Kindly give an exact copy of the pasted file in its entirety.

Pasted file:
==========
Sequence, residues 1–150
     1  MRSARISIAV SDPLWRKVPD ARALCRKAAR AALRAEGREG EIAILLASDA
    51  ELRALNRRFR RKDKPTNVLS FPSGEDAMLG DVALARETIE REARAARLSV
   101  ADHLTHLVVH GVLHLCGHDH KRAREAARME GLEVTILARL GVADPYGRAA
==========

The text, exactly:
Sequence, residues 1–150
     1  MRSARISIAV SDPLWRKVPD ARALCRKAAR AALRAEGREG EIAILLASDA
    51  ELRALNRRFR RKDKPTNVLS FPSGEDAMLG DVALARETIE REARAARLSV
   101  ADHLTHLVVH GVLHLCGHDH KRAREAARME GLEVTILARL GVADPYGRAA